Why AI shouldn’t be making life-and-death decisions

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Welcome to The Algorithm! 

Let me introduce you to Philip Nitschke, also known as “Dr. Death” or “the Elon Musk of assisted suicide.” 

Nitschke has a curious goal: He wants to “demedicalize” death and make assisted suicide as unassisted as possible through technology. As my colleague Will Heaven reports, Nitschke  has developed a coffin-size machine called the Sarco. People seeking to end their lives can enter the machine after undergoing an algorithm-based psychiatric self-assessment. If they pass, the Sarco will release nitrogen gas, which asphyxiates them in minutes. A person who has chosen to die must answer three questions: Who are you? Where are you? And do you know what will happen when you press that button?

In Switzerland, where assisted suicide is legal, candidates for euthanasia must demonstrate mental capacity, which is typically assessed by a psychiatrist. But Nitschke wants to take people out of the equation entirely.

Nitschke is an extreme example. But as Will writes, AI is already being used to triage and treat patients in a growing number of health-care fields. Algorithms are becoming an increasingly important part of care, and we must try to ensure that their role is limited to medical decisions, not moral ones.

Will explores the messy morality of efforts to develop AI that can help make life-and-death decisions here.

I’m probably not the only one who feels extremely uneasy about letting algorithms make decisions about whether people live or die. Nitschke’s work seems like a classic case of misplaced trust in algorithms’ capabilities. He’s trying to sidestep complicated human judgments by introducing a technology that could make supposedly “unbiased” and “objective” decisions.

That is a dangerous path, and we know where it leads. AI systems reflect the humans who build them, and they are riddled with biases. We’ve seen facial recognition systems that don’t recognize Black people and label them as criminals or gorillas. In the Netherlands, tax authorities used an algorithm to try to weed out benefits fraud, only to penalize innocent people—mostly lower-income people and members of ethnic minorities. This led to devastating consequences for thousands: bankruptcy, divorce, suicide, and children being taken into foster care. 

As AI is rolled out in health care to help make some of the highest-stake decisions there are, it’s more crucial than ever to critically examine how these systems are built. Even if we manage to create a perfect algorithm with zero bias, algorithms lack the nuance and complexity to make decisions about humans and society on their own. We should carefully question how much decision-making we really want to turn over to AI. There is nothing inevitable about letting it deeper and deeper into our lives and societies. That is a choice made by humans.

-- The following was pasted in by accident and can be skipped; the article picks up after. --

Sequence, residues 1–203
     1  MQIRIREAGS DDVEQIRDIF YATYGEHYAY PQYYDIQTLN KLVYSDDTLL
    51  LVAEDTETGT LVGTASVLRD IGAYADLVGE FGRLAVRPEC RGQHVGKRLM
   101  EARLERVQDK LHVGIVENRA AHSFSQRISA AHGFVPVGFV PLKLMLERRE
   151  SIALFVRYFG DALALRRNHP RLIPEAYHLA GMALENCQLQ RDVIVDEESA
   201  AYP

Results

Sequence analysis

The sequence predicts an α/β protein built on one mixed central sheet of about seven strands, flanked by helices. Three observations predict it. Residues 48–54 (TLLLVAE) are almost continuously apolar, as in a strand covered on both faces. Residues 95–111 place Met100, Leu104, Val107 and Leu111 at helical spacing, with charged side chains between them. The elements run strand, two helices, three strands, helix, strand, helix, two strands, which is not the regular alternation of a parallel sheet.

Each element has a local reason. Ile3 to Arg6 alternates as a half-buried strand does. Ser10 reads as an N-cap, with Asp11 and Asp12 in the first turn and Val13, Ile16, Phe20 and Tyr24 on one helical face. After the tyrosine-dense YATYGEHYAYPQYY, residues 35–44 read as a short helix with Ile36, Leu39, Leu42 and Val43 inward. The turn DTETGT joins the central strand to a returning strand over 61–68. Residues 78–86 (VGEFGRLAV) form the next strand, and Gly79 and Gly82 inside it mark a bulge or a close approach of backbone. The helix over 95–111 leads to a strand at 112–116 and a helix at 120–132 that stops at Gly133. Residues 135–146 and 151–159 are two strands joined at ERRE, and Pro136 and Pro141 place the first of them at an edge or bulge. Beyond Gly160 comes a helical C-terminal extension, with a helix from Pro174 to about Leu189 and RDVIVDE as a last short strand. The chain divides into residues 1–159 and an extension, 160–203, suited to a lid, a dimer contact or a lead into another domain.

Deeper Learning

Meta wants to use AI to give people legs in the metaverse 

Last week, Meta unveiled its latest virtual-reality headset. It has an eye-watering $1,499.99 price tag. At the virtual event, Meta pitched its vision for a “next-generation social platform” accessible to everyone. As my colleague Tanya Basu points out: “Even if you are among the lucky few who can shell out a grand and a half for a virtual-reality headset, would you really want to?”

The legs were fake: One of the big selling points for the Metaverse was the ability for avatars to have legs. Legs! At the event, a leggy avatar of Meta CEO Mark Zuckerberg announced that the company was going to use artificial intelligence to enable this feature, allowing avatars not only to walk and run but also to wear digital clothing. But there’s one problem. Meta hasn’t actually figured out how to do this yet, and the “segment featured animations created from motion capture,” as Kotaku reports

Meta’s AI lab is one of the biggest and richest in the industry, and it’s hired some of the field’s top engineers. I can’t imagine that this multibillion-dollar push to make VR Sims happen is very fulfilling work for Meta’s AI researchers. Do you work in AI/ML teams at Meta? I want to hear from you. (Drop me a line melissa.heikkila@technologyreview.com)

Bits and Bytes

Learn more about the exploited labor behind artificial intelligence
In an essay, Timnit Gebru, former co-lead of Google’s ethical AI team, and researchers at her Distributed AI Research Institute argue that AI systems are driven by labor exploitation, and that AI ethics discussions should prioritize transnational worker organization efforts. (Noema)

AI-generated art is the new clip art
Microsoft has teamed up with OpenAI to add text-to-image AI DALL-E 2 to its Office suite. Users will be able to enter prompts to create images that can be used in greeting cards or PowerPoint presentations. 
(The Verge

An AI version of Joe Rogan interviewed an AI Steve Jobs
This is pretty mind-blowing. Text-to-voice AI startup Play.ht trained an AI model on Steve Jobs’s biography and all the recordings it could find of him online in order to mimic the way Jobs would have spoken in a real podcast. The content is pretty silly, but it won’t be long until the technology develops enough to fool anyone. (Podcast.ai)

Tour Amazon’s dream home, where every appliance is also a spy
This story offers a clever way to visualize how invasive Amazon’s push to embed “smart” devices in our homes really is. (The Washington Post)

Tweet of the week
What it’s like to build a machine-learning startup these days, from Hugging Face CEO and cofounder Clem Delangue

Thanks for making it this far! Catch you next week. 


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